Home > Publications . Search All . Browse All . Country . Browse PSC Pubs . PSC Report Series

PSC In The News

RSS Feed icon

Former trainee Herbert says residential squatters may be a good thing

Work by Couper, Farley et al. shows impact of racial composition on neighborhood choice

Thompson details killings and shaping of official narrative in 1971 Attica prison uprising

More News

Highlights

Michigan ranked #12 on Business Insider's list of 50 best American colleges

Frey's new report explores how the changing US electorate could shape the next 5 presidential elections, 2016 to 2032

U-M's Data Science Initiative offers expanded consulting services via CSCAR

Elizabeth Bruch promoted to Associate Professor

Next Brown Bag

PSC Brown Bags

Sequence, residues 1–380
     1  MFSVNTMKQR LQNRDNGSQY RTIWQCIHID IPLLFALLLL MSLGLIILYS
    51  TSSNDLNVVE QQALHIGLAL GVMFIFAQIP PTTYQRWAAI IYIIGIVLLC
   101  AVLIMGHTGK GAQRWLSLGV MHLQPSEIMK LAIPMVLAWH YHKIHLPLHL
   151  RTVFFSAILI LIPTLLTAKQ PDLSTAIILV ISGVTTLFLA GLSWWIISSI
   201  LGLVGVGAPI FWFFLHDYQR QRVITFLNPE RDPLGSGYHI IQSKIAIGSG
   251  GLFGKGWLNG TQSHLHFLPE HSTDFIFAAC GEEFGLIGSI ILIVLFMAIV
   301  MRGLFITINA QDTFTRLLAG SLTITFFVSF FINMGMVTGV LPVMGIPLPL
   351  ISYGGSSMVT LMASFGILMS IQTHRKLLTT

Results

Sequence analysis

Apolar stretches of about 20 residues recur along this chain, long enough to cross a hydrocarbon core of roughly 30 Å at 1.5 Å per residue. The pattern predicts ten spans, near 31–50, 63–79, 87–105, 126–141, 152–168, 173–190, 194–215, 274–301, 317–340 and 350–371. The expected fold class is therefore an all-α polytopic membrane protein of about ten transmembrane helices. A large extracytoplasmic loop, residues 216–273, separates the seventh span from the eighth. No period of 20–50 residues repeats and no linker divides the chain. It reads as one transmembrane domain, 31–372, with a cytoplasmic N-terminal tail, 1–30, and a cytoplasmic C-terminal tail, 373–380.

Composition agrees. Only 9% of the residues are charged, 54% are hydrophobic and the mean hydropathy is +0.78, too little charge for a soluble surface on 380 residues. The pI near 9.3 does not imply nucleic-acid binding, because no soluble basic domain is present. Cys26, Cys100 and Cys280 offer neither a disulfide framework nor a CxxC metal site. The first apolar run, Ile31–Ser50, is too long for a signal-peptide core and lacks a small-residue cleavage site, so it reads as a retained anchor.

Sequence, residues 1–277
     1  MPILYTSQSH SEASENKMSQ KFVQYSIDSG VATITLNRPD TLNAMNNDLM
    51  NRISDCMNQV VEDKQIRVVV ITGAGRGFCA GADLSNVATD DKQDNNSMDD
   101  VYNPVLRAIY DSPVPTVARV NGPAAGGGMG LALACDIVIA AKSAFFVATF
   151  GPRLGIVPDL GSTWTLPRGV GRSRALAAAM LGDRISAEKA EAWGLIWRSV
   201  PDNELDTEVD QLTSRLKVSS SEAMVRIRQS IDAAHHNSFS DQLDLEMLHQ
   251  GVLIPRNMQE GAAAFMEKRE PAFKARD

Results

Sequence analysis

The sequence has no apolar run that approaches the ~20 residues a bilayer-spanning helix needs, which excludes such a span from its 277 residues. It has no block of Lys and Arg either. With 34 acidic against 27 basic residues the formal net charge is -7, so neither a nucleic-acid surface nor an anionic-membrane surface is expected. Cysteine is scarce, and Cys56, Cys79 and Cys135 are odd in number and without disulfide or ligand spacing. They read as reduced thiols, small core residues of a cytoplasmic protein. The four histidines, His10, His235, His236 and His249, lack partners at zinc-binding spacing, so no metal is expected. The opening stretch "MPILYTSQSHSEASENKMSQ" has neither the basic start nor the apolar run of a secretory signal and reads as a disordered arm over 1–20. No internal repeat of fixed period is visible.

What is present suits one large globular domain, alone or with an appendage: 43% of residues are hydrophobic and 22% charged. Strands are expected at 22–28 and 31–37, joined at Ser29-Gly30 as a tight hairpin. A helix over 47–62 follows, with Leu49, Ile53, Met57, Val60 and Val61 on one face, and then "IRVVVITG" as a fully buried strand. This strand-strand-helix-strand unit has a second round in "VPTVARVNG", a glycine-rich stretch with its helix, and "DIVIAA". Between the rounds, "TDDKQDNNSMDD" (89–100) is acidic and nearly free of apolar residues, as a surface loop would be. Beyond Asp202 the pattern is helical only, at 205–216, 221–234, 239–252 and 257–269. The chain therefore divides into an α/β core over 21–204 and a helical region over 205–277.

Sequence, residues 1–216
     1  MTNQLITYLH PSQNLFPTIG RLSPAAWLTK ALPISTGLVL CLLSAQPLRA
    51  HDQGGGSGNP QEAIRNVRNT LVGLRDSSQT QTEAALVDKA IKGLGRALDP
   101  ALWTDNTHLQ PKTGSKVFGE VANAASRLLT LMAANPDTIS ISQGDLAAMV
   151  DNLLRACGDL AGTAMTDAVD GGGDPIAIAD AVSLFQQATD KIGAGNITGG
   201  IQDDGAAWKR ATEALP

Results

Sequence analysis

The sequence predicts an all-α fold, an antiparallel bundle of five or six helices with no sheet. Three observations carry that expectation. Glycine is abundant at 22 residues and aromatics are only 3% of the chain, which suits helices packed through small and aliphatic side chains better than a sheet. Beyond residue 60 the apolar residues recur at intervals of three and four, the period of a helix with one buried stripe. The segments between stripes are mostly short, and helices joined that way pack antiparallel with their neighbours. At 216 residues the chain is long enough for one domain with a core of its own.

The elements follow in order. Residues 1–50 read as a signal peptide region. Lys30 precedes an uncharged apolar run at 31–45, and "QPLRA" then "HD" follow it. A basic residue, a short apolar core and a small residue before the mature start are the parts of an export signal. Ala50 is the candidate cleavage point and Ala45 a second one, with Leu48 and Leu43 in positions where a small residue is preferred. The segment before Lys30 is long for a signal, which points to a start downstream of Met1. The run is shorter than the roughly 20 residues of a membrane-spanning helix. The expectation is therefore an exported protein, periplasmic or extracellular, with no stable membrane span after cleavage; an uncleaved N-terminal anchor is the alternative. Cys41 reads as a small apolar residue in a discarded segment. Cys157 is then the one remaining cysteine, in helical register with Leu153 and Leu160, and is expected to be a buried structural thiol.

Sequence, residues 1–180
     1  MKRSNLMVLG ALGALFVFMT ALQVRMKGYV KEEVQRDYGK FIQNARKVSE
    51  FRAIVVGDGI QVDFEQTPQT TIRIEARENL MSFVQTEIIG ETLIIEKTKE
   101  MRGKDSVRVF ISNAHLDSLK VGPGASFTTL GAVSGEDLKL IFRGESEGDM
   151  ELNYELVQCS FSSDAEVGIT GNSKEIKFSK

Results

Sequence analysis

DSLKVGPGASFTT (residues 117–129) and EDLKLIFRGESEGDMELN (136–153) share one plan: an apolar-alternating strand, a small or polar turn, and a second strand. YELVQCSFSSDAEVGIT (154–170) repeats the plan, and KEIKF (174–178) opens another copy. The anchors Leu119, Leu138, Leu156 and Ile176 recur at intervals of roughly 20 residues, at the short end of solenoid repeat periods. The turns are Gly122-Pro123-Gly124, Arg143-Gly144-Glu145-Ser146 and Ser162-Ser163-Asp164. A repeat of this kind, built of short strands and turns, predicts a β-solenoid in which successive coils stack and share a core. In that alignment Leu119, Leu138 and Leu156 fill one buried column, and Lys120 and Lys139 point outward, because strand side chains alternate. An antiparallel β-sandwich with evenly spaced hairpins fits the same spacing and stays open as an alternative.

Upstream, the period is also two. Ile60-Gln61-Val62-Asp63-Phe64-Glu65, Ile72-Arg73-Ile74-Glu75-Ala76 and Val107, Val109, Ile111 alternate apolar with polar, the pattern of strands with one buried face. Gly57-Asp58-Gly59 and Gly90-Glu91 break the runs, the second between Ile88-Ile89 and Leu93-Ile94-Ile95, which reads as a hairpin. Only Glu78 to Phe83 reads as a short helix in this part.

will resume fall 2016

A Poverty Profile for Rural Botswana

Archived Abstract of Former PSC Researcher

Watanabe, B., and Eva Mueller. "A Poverty Profile for Rural Botswana." World Development, 12, no. 2 (1984): 115-27.

Recognizing that for policy purposes it is important to learn in what ways households that are poor differ from households that have a more adequate income and recognizing that these differences may be the cause or consequence of low economic status, this paper compiles a "poverty profile" of rural Botswana. The data are taken from the Rural Income Distribution Survey conducted in 1975 by the Central Statistical Office of the Government of Botswana a sample of 950 randomly selected households in 20 rural areas. The survey data enable the authors to determine how close each household comes to meeting its basic requirements. The paper begins by explaining the derivation of "poverty income ratios"; it then relates the PlRs to the demographic characteristics of households, their education, location and asset holdings. There follows a description of differences in time use and sources of income among the five poverty ratio groups. The authors conclude with a discussion of the implications for policies aimed at the alleviation of poverty.

Browse | Search : All Pubs | Next